It's even better for me, I'm coming from CT where you can't get a trailer for less than 200.
                    Prospective.

                    Comment


                    • #11
                      Originally posted by RClar93 View Post
                      It's something I have mixed feelings about. I'm not one that enjoys putting debts in my name but after researching the market in the area that I live in, it just makes more sense to buy than own. On one hand, I pay rent on a house right now where if I owned the property, I'd be paying substantially less.

                      My wife and I-with both incomes combined-sit very comfortably right now. We both work full time, have two dogs, one car payment, one car paid off, and have no other major monthly payments besides the obvious insurance, credit card, utilities, etc.

                      My income will be out of the picture soon, as I'm leaving my current occupation to transition into LE, so after toying around on Excel I've determined that the only real affect me losing my income will have, is "fun money". Our usual surplus at the end of each month will decrease quite a bit.

                      That being said I'll be saving money if I owned rather than rented. I pay $975/mo for a 3 bedroom, 2 bathroom house with one acre of land right now, and will be paying roughly $650/mo for my mortgage. I'll be getting the loan through the VA so it will combine Escrow and Homeowners Insurance into the mortgage.

                      What are some major things that you made mistakes on in the home buying process that if you could go back, you would fix? I'm still working the financial end but I'm planning on beginning the search sometime after Christmas.


                      I did the exact same thing you did. I was renting in a apartment and paying way more than I should. Keep in mind, I live in the DC area. I was living in VA but moved to MD because I could get more house for my money. I pay a little less than what I was for a one bedroom apartment. I now live in a 4 bedroom house and it was just built so I am the first owner of it. I used the VA loan as well which saved me quite a bit. I was able to get the seller to cover all of the closing costs so all in all, I didn't pay anything at all besides the home inspection, etc. stuff like that.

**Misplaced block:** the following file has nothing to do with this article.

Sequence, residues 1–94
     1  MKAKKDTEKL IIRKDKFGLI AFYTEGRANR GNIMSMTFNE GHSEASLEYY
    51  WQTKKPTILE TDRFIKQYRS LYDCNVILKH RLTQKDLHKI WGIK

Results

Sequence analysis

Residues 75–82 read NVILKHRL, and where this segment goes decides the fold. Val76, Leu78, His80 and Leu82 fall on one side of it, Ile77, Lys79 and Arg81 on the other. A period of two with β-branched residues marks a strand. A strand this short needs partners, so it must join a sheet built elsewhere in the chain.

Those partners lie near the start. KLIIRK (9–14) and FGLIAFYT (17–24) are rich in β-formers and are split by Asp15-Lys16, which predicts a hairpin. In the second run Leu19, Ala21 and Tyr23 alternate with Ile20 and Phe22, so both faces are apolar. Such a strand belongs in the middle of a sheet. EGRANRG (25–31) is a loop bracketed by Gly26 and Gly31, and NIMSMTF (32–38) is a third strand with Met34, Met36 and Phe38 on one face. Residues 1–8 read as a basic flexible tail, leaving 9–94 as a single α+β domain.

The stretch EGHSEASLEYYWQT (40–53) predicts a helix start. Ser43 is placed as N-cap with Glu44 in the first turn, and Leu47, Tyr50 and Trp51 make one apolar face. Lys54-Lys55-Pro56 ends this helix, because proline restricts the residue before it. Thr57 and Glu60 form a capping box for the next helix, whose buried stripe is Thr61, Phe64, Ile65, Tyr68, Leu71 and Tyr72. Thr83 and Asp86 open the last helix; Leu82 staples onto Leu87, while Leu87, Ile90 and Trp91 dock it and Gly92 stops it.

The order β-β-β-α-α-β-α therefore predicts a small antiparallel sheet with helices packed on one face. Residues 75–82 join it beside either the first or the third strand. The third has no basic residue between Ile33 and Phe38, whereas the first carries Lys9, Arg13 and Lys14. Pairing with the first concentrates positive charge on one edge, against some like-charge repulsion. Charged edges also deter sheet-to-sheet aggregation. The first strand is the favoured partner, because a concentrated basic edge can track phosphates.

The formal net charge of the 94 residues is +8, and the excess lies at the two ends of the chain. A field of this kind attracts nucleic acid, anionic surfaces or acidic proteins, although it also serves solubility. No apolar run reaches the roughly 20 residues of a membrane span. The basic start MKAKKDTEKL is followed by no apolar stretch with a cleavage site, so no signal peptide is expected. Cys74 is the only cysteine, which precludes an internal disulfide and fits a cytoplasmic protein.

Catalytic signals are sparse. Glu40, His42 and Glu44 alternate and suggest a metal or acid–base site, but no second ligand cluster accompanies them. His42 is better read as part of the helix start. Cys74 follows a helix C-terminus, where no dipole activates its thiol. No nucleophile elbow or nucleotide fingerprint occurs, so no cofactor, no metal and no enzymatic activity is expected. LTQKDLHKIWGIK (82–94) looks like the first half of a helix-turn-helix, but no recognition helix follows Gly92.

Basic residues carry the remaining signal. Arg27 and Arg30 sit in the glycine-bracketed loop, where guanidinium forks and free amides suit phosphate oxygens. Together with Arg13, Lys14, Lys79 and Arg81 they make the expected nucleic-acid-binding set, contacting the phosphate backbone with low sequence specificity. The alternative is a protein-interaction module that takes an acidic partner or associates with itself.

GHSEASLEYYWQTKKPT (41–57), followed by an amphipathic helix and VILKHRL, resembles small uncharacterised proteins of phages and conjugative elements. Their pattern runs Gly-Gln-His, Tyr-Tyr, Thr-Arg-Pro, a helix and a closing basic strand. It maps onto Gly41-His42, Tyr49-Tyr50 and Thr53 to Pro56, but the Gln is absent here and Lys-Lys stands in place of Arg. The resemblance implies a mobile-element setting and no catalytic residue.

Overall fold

The only bad part is all the fixtures you may encounter with the home, even if it is a new house or old house. The only mistake I regret is rushing into purchasing the home. Granted, I did find a home I love but I wish there was more time to look. I had an odd situation which kind of rushed me. My advice is to take your time, find the one you want. Compare to other homes. Look at yourself and see if it is "home" to you when you are in it. Try not to settle just because you think you have to. My property tax and homeowners is in my mortgage obviously and even with it added in, I pay less than the apartment I had.

                      All in all, make sure your income can still cover the mortgage.

                      Comment


                      • #12